By doing that kind of thing, a whole bunch of bulk text attacks are hobbled. You must break the structure of the meta code before you can break the code… And since the meta code can change the values used for following meta codes (by, say, ‘shift by +4’ and ‘read each block of 10 backwards for count of 100’) that, too, is made harder.

    Then again, it also makes the whole thing very hard to remember and keep straight in use ;-)

  14. E.M.Smith says:

    BTW, are you familiar with the 5 or sometimes 6 digit number codes used by some SW radio stations “in the day”?

    Don’t know if they are still around (havn’t listened in a while), but for a long time in the ’70s and ’80s you could hear radio stations reading off blocks of 5 digits. Just a voice, saying numbers.

    One Seven Three Three Eight….. Two Nine Seven Two Four… etc. etc.

    No idea what they were communicating, or to whom. There were a fair number of theories at the time. I think that was the inspiration for my idea about embedding a meta code inside the number code. Thinking about how the number blocks could be attacked with a letter count, and how to defend against it.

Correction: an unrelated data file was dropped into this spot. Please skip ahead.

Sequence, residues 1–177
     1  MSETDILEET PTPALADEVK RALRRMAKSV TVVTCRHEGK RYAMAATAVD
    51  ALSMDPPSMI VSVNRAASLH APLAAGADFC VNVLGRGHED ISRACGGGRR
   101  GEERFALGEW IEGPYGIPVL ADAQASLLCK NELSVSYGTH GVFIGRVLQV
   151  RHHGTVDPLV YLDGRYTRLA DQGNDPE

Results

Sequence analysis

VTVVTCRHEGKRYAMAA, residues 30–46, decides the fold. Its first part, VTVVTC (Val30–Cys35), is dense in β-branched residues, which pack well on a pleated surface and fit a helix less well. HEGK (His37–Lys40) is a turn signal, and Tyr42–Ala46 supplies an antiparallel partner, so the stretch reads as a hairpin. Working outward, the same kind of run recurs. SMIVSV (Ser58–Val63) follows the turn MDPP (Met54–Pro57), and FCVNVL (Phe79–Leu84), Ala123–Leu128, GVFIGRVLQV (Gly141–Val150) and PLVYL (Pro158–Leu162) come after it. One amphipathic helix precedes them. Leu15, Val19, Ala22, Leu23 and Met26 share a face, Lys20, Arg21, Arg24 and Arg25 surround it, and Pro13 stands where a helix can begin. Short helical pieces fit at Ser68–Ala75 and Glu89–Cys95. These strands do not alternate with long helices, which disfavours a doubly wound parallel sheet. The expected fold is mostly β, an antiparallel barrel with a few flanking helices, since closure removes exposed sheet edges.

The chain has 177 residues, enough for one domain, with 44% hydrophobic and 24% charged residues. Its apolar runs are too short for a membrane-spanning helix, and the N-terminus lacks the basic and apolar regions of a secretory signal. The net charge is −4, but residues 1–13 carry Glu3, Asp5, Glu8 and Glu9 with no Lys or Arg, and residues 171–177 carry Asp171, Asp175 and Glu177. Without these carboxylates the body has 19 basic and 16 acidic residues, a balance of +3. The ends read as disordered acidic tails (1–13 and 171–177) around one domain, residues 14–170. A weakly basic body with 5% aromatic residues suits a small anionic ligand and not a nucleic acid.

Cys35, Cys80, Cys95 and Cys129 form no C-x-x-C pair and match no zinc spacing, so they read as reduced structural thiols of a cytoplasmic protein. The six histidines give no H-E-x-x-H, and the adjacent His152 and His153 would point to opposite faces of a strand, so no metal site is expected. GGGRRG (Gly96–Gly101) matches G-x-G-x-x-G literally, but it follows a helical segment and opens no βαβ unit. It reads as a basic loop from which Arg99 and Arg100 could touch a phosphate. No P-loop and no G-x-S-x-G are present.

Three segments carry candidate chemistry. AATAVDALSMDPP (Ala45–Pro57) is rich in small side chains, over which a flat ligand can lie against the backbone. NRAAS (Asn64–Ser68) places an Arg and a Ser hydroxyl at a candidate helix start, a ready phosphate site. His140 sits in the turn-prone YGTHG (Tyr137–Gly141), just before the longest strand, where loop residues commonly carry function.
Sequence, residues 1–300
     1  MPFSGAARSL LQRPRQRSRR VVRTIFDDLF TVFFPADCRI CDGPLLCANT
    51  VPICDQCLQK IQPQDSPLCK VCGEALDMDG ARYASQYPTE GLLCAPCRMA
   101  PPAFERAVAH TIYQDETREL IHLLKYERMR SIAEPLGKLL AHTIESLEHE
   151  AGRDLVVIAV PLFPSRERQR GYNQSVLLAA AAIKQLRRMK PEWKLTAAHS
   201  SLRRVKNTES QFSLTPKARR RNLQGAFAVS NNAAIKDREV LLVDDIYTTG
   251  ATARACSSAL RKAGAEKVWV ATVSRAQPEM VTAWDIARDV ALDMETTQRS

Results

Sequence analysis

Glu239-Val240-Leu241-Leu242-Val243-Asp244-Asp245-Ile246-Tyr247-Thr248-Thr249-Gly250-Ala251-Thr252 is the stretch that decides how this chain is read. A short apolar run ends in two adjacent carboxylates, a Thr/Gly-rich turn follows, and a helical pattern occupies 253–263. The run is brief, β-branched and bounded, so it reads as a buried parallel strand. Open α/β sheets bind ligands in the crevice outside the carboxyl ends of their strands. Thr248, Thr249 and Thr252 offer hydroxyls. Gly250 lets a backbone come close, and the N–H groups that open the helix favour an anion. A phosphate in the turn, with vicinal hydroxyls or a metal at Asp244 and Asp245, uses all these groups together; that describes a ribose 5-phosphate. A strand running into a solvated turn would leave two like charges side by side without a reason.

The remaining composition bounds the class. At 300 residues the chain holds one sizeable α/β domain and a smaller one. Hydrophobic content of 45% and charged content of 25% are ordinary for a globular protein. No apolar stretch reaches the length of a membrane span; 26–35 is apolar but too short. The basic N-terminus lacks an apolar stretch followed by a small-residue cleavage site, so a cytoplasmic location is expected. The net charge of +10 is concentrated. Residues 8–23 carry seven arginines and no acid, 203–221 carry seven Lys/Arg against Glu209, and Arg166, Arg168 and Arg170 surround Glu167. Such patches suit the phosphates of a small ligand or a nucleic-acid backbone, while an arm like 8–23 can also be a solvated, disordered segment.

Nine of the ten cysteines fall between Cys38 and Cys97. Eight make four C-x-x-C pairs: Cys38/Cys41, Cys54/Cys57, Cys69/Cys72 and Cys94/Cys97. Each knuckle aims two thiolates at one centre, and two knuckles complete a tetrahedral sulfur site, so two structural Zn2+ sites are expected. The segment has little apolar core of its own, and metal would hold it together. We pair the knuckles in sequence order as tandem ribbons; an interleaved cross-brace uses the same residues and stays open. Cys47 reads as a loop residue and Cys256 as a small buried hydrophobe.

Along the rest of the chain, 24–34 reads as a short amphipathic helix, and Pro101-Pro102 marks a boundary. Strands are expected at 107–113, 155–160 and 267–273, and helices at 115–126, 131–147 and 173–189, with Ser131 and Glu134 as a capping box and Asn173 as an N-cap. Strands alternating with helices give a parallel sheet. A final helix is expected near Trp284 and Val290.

(He does a web search…)

    Looks like they still exist, though fewer, and using computer synthesized voices now:


    A numbers station is a type of shortwave radio station characterized by unusual broadcasts, reading out lists of numbers or incomprehensible morse code messages. The voices are often created by speech synthesis and are transmitted in a wide variety of languages. The voices are usually female, although sometimes men’s or children’s voices are used. Some voices are synthesized and created by machines; however, some stations used to have live readers. Many numbers stations went off the air due to the end of the Cold War in 1989, but many still operate and some have even continued operations but changed schedules and operators.

    The first known use of numbers stations was during World War I, and the first possible listener was Anton Habsburg of Austria. The numbers were most likely sent through the use of Morse code. It is widely assumed that these broadcasts transmit covert messages to spies. The Czech Ministry of Interior and the Swedish Security Service have both acknowledged the use of numbers stations by Czechoslovakia for espionage, with declassified documents proving the same. With a few exceptions, no QSL responses have been received from numbers stations by shortwave listeners who sent reception reports to said stations, which is the expected behavior of a non-clandestine station.

    The best known of the numbers stations was the “Lincolnshire Poacher”, which is thought to have been run by the British Secret Intelligence Service.